• Population in 1921 - 2171 persons
  • Population in 1931 - 2202 persons
  • Population in 1951 - 2174 persons
  • Population in 1961 - 2230 persons
  • Population in 1971 - 2380 persons
  • Population in 1981 - 2620 persons
  • Population in 1991 - 2850 persons
  • Population in 2001 - 2955 persons
  • Population in 2011 - 3151 persons

Probate Records


Religion & Religious Life

  • A list of the Vicars and Curates of Breage parish 1147 to 1907 are available on-line.
  • St Breaca Church, BREAGE - Seating Plan as at 12th May 1666 is available on-line.
  • In the May of 1641 it was agreed and ordered that every Member of the House of Commons and House of Lords should make a protestation (declaration of loyalty) to the crown. The Protestation was printed and then distributed by the Members to their counties. The Protestation was to be made by everyone and the Rectors, Churchwardens and Overseers of the Poor, had to appear before the Justices of the Peace in their Hundred to make their protestation and, on returning to their parishes, any two of them were to witness the taking of the Protestation Oath by all males over the age of 18 years. All names were listed and anyone who refused was to be noted.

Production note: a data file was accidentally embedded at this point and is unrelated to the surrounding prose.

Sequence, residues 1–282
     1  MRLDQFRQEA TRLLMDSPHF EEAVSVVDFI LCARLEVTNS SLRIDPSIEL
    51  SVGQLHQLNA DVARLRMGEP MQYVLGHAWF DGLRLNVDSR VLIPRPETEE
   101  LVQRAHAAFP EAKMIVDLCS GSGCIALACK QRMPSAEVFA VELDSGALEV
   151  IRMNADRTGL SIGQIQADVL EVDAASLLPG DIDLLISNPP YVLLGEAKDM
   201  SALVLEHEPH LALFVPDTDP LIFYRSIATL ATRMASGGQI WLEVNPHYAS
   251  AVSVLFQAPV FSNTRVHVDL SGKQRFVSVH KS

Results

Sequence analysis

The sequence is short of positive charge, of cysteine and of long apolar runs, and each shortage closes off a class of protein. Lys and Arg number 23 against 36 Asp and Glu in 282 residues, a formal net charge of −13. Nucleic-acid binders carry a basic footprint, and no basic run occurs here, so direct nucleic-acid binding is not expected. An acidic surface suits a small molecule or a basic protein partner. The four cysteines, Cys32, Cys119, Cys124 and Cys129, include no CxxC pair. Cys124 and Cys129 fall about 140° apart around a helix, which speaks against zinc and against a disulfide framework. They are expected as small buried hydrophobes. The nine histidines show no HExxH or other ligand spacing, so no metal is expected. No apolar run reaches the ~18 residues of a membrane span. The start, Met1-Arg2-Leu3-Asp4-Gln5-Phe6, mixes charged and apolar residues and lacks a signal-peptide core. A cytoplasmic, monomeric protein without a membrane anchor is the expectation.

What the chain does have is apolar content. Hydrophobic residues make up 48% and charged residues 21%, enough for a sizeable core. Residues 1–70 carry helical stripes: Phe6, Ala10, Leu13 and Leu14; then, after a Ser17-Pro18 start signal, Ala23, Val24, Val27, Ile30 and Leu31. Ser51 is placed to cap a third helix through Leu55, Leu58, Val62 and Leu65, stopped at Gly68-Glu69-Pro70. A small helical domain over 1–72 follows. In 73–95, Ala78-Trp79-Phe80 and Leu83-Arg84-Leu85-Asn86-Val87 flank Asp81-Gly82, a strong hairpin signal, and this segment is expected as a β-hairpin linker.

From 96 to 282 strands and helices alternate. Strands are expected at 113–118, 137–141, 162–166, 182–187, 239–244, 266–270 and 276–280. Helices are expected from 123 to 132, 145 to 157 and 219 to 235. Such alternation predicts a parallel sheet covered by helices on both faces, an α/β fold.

The Protestation Returns of 1642 for Breage are available on-line.


The parish comprises 7257 acres of land, 9 acres of water and 121 acres of foreshore. The two parishes of Godolphin and Porthleven were created from parts of this parish in 1846.



Cornwall Subsidies in the reign of Henry VIII were a form of taxation. There were a number of subsidy rolls, although the main ones are those for each of 1524 and 1543, each listing my name those who were taxed. A man could be taxed on: Goods, Wages or Land; whichever had the biggest revenue. Any woman included in the rolls were widows. The process involved assessment by Assessors, then sub or petty collectors in each parish. This money was then passed to the High collectors, who would deliver the monies to the Exchequer. The OPC has placed those for Breage parish on line as follows: